One of NeXT’s first ten employees was an interior designer for the company’s first headquarters, in Palo Alto. Even though Jobs had leased a building that was new and nicely designed, he had it completely gutted and rebuilt. Walls
were replaced by glass, the carpets were replaced by light hardwood flooring. The process was repeated when NeXT moved to a bigger space in Redwood City in 1989. Even though the building was brand-new, Jobs insisted that the
elevators be moved so that the entrance lobby would be more dramatic. As a centerpiece, Jobs commissioned I. M. Pei to design a grand staircase that seemed to float in the air. The contractor said it couldn’t be built. Jobs said it
could, and it was. Years later Jobs would make such staircases a feature at Apple’s signature stores.
During the early months of NeXT, Jobs and Dan’l Lewin went on the road, often accompanied by a few colleagues, to visit campuses and solicit opinions. At Harvard they met with Mitch Kapor, the chairman of Lotus software, over dinner at Harvest restaurant. When Kapor began slathering
butter on his bread, Jobs asked him, “Have you ever heard of serum cholesterol?” Kapor responded, “I’ll make you a deal. You stay away from commenting on my dietary habits, and I will stay away from the subject of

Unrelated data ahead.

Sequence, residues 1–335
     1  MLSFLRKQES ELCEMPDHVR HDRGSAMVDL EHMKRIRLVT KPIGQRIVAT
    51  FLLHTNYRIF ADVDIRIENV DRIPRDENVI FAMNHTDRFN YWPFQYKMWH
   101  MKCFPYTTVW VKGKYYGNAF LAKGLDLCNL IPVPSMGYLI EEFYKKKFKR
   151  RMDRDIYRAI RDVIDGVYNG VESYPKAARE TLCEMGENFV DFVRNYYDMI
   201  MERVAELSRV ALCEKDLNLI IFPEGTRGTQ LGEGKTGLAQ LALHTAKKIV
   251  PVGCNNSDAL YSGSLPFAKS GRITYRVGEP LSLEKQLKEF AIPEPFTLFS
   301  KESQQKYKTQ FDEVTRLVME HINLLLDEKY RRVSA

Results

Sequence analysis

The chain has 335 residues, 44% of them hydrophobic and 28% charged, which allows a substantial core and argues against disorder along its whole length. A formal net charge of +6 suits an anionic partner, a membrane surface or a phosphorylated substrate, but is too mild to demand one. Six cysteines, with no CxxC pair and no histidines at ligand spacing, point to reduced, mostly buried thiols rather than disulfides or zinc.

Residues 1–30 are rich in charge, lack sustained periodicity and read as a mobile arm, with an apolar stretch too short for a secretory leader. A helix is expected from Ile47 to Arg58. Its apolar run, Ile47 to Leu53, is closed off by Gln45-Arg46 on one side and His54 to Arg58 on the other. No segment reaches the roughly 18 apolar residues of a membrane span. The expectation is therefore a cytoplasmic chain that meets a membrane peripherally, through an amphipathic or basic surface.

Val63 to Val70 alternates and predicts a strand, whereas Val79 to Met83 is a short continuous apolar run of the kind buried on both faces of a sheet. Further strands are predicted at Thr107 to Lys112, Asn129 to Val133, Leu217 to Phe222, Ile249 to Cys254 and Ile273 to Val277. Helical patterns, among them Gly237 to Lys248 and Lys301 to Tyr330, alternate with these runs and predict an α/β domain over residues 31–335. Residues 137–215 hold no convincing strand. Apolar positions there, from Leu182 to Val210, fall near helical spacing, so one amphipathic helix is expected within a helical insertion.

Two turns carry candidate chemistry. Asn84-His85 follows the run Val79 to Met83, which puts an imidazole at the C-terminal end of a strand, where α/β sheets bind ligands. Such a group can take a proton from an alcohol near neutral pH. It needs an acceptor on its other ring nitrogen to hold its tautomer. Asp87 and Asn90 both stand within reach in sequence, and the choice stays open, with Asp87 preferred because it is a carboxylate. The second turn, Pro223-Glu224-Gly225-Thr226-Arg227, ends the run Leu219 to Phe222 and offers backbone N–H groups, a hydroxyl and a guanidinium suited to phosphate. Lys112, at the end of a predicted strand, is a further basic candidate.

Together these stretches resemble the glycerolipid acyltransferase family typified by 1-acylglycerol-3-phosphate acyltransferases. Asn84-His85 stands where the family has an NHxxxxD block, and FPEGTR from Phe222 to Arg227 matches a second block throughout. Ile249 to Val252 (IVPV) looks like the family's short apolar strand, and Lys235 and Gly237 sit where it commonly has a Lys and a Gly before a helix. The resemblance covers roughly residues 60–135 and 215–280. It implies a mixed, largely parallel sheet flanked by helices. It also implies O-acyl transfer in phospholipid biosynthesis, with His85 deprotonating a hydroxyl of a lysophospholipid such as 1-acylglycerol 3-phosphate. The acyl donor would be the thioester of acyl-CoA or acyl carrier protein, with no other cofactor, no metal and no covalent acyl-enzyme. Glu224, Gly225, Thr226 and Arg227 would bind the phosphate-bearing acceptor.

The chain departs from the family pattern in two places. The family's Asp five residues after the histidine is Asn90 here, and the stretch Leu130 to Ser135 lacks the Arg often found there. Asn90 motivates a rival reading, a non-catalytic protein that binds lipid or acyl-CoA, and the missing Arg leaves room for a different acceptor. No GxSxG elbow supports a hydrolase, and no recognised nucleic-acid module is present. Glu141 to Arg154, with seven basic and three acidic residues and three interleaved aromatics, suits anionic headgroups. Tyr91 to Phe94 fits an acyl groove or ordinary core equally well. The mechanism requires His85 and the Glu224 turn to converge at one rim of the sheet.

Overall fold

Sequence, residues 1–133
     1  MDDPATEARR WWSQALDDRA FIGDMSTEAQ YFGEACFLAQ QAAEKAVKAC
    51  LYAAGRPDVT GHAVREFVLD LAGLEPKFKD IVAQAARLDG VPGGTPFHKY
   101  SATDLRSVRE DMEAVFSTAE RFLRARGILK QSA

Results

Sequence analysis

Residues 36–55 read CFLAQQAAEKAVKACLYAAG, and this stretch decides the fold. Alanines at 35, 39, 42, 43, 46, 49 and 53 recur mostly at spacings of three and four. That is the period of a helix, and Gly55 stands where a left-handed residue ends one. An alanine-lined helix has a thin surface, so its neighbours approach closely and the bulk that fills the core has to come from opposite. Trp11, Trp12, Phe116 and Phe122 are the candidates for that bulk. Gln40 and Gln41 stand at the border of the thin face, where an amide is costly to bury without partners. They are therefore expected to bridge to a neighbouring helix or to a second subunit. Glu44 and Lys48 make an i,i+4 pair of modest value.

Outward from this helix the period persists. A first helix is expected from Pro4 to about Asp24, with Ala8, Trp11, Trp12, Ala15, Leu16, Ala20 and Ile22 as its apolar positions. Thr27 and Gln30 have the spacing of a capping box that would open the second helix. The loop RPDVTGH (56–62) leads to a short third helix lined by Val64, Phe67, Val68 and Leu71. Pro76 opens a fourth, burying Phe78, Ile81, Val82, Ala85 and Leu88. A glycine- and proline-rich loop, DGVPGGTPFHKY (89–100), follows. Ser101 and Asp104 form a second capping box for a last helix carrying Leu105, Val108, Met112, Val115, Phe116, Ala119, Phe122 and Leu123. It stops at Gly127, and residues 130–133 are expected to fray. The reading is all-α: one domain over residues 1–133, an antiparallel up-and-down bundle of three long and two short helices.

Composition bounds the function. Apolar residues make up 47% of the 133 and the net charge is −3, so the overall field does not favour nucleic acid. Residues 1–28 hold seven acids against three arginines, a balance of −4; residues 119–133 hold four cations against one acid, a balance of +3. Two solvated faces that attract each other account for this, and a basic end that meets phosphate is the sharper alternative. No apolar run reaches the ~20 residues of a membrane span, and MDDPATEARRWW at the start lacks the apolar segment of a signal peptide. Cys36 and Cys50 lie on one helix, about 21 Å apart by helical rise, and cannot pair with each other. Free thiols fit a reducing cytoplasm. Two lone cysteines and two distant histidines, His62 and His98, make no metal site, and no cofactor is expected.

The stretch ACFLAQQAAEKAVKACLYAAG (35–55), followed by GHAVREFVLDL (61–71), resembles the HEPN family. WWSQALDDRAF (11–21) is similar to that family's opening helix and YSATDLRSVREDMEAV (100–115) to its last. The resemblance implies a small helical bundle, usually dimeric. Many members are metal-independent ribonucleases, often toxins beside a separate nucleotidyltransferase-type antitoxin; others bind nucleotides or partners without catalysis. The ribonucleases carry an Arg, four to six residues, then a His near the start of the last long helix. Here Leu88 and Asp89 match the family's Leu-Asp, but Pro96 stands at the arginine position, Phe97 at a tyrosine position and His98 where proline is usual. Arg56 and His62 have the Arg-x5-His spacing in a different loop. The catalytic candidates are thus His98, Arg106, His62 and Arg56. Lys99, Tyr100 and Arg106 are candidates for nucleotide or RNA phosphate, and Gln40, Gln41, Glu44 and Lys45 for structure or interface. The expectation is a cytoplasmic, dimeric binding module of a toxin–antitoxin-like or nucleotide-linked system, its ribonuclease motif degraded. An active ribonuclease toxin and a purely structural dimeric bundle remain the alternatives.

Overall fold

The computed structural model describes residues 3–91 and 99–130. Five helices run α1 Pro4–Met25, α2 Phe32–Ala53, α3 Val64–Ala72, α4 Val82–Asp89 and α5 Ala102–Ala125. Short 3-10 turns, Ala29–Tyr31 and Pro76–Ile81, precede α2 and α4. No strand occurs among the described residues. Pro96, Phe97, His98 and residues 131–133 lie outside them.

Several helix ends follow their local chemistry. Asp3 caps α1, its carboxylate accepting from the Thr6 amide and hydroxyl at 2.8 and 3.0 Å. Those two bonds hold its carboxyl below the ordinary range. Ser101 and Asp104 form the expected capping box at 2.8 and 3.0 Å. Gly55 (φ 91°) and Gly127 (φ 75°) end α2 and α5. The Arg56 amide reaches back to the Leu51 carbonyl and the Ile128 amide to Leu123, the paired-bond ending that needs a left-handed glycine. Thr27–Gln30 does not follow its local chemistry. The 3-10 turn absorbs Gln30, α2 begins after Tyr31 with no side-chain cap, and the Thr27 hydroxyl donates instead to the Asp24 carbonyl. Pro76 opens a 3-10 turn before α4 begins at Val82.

your personality.” It was meant humorously, but as Kapor later commented, “Human relationships were not his strong suit.” Lotus agreed to write a spreadsheet program for the NeXT operating system.
Jobs wanted to bundle useful content with the machine, so Michael Hawley, one of the engineers, developed a digital dictionary. He learned that a friend of his at Oxford University Press had been involved in the typesetting of a new
edition of Shakespeare’s works. That meant that there was probably a computer tape he could get his hands on and, if so, incorporate it into the NeXT’s memory. “So I called up Steve, and he said that would be awesome,
and we flew over to Oxford together.” On a beautiful spring day in 1986, they met in the publishing house’s grand building in the heart of Oxford, where Jobs made an offer of $2,000 plus 74 cents for every computer
sold in order
to have the rights to